The Reinternment of John Newton 1893

The reinternment of the remains of the Rev John Newton and his wife, Mary Newton, took place at the church of St Peter & St Paul, Olney on the 25th January 1893.  Many newspapers reported on this event, as did the Buckinghamshire Archaeological Society in their publication ‘Records of Buckinghamshire’.  BAS has kindly allowed us to reproduce the article. 

Click on each of the pages below to open up the full page and to be able to enlarge the text.


St Mary Woolnoth c1850 Cowper & Newton Museum collection

Rev John Newton, his wife, Mary, and their adopted daughter and niece, Eliza Cunnigham were all interred in the crypt of St Mary Woolnoth.

Newton had left instructions to his executors for the wording of the memorial which was to be ‘on a plain marble tablet, near the vestry door’.

The crypt of St Mary Woolnoth was closed to internments after the Metropolitan Internment Acts of the 1850s banned most burials within London.

However, by the mid 1880s parishioners were complaining about the ‘bad smells emanating from the vaults of the church’. The building was closed temporarily whilst repairs were undertaken but newspapers report that Inspectors found bodies and coffins in a state of decomposition and decay. In 1891, the Rector Rev JMS Brooke raised the matter again.

‘The fact that there are thousands of bodies within a foot or two of the floor constitutes standing evidence of an insanitary condition.’

Architect Mark Judge investigated further and then the Medical Officer of Health, Dr Sedgwick Saunders, was called in.  On 7th November 1892 he closed the church, and after the faculty was given, coffins and cases of bones were taken to the City of London Cemetery. Some remains, such as those of John & Mary, were reinterred elsewhere.

image (c) Akabashi

The gravestone of George Catlett, the father of Mary Newton, can be seen to the left. Click this link to explore a virtual 360 degree tour of the inside and outside of St Peter & St Paul.

Rev John Newton original coffin plate image courtesy of St Peter & St Paul
Cowper & Newton collection

Further Reading:

John Newton’s father married again after the death of his first wife and had more children.  Here is the Newton family tree showing the children of the two marriages. 

City of London Cemetery and Crematorium 

Johnson, Malcolm, Crypts of London, The History Press, 2013

Buckinghamshire Archaeological Society

Records of Buckinghamshire

St Mary Woolnoth

Olney Railway Station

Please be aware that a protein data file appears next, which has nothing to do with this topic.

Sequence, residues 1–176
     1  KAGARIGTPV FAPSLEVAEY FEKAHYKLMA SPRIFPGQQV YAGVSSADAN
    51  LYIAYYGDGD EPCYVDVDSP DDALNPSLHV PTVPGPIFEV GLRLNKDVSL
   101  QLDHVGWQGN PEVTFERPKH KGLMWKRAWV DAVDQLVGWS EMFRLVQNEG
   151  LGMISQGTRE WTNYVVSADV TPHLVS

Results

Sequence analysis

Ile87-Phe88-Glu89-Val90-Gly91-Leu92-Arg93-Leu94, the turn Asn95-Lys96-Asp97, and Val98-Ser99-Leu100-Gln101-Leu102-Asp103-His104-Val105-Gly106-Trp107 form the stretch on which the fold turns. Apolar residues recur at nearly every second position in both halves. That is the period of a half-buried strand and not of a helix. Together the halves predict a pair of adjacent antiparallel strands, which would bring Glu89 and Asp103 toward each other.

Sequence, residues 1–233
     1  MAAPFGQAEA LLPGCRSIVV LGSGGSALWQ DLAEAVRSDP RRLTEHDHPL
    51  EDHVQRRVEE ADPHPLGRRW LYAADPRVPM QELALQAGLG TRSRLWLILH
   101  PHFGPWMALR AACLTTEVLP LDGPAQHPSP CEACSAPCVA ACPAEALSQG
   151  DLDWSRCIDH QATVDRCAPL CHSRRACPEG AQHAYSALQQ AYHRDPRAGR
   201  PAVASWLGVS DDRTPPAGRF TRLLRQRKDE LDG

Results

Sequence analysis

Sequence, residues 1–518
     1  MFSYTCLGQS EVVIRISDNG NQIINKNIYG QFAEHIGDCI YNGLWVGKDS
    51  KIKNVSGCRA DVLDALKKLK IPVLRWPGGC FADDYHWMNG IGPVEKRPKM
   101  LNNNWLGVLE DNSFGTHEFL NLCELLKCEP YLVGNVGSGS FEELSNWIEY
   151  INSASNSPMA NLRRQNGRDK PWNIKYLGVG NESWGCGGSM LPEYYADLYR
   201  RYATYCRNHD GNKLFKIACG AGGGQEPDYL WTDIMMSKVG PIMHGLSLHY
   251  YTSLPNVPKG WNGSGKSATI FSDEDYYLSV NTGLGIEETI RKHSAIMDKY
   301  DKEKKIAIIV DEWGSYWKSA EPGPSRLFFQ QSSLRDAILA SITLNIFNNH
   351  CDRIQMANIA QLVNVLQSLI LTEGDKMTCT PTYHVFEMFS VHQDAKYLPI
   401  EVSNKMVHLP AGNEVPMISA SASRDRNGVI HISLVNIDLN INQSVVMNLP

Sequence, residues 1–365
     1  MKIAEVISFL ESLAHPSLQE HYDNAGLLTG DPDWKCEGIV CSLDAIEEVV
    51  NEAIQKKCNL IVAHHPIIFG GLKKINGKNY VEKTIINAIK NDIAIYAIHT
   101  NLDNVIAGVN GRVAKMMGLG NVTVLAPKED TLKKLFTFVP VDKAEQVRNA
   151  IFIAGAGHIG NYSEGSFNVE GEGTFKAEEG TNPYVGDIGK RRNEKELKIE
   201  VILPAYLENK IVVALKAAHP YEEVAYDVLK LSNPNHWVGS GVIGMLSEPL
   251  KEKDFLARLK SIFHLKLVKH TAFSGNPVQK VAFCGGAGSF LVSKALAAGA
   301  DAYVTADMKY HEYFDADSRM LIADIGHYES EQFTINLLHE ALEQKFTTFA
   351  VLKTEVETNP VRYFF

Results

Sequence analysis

Author Credit:

The original article was written by John T Maitland, M.A. Oxon for the Buckinghamshire Archaeological Society and published in the 1893 journal – Records of Buckinghamshire 

Additional information by Amanda Molcher, Trustee Cowper & Newton Museum

Share on facebook
Share on twitter
Share on linkedin
Share on pinterest
Share on whatsapp
Share on email

You might also be interested in...

The Electrifying Machine

Surprisingly, William Cowper owned and operated an electric shock machine, and used it to treat Mrs Unwin after her second stroke in 1792.  It consisted of a large glass cylinder, a wooden disc and turning handle, a Leyden Jar, a ferocious-looking metal tube with spikes and knobs, as well as

Read More »

William Cowper’s Missing Will

Since the start of the COVID pandemic, the National Archives at Kew has allowed free downloads of digital records from its website, a concession which will continue for as long as it’s only able to open for a very limited number of researchers. Seizing the opportunity, Trustee Amanda Molcher came

Read More »

At The Museum

A Peek Inside Orchard Side House

Take a peek inside Orchard Side House as we begin to unveil some of our hidden secrets. Visit the ‘Welcome’ page for a short guide to the other delights we have in store for you during your visit.

Read More »

The Three Hares Art Gallery

The Three Hares Gallery is located on the top floor of the Museum building and holds monthly exhibitions, it is now in a bigger, brighter space with state of the art CCTV security and direct stair access from our Shop.  Since 2007 our exhibitions have included artists who work in watercolours, acrylics, oils, pastels, drawings,

Read More »

Flower & Summer House Gardens

Visit our tranquil & historic Gardens. William Cowper was an innovative gardener at a time when seeds & plants were arriving from North America. Find out more here, including a plan of the gardens.

Read More »

Related Articles

The language of rings: William Cowper and his women friends

Here we look at two rings in the museum collection which date from the mid-eighteenth century and are said to have belonged to William Cowper. We also discuss the romantic nuances associated with them. The seal ring The cameo ring Both rings came to the museum from descendants of the Cowpers and Johnsons, and both

Read More »

John Newton Dissenting Minister

In 1893, the Buckinghamshire Archaeological Society published an article in ‘Records of Buckinghamshire’ which contained a page from ‘The Monthly Review’ on which William Cowper had ‘marked his disapprobation’ to a critic’s comment in six lines of poetry.  The article itself was a review of both Rev John Newton’s. ‘Apologia. Four Letters to a Minister

Read More »
Category filter
Item added to cart.
0 items - £0.00

Book Museum Tickets

Our Museum building remains CLOSED.  We are opening our gardens on limited entry.  The Cowper & Newton Museum gardens will be open to welcome you on Wednesday 5th August 10.30 – 12.15 and Saturday 8th August 10.30 – 12.15

(Follow our social media accounts or check back here for further opening days & times as they become available)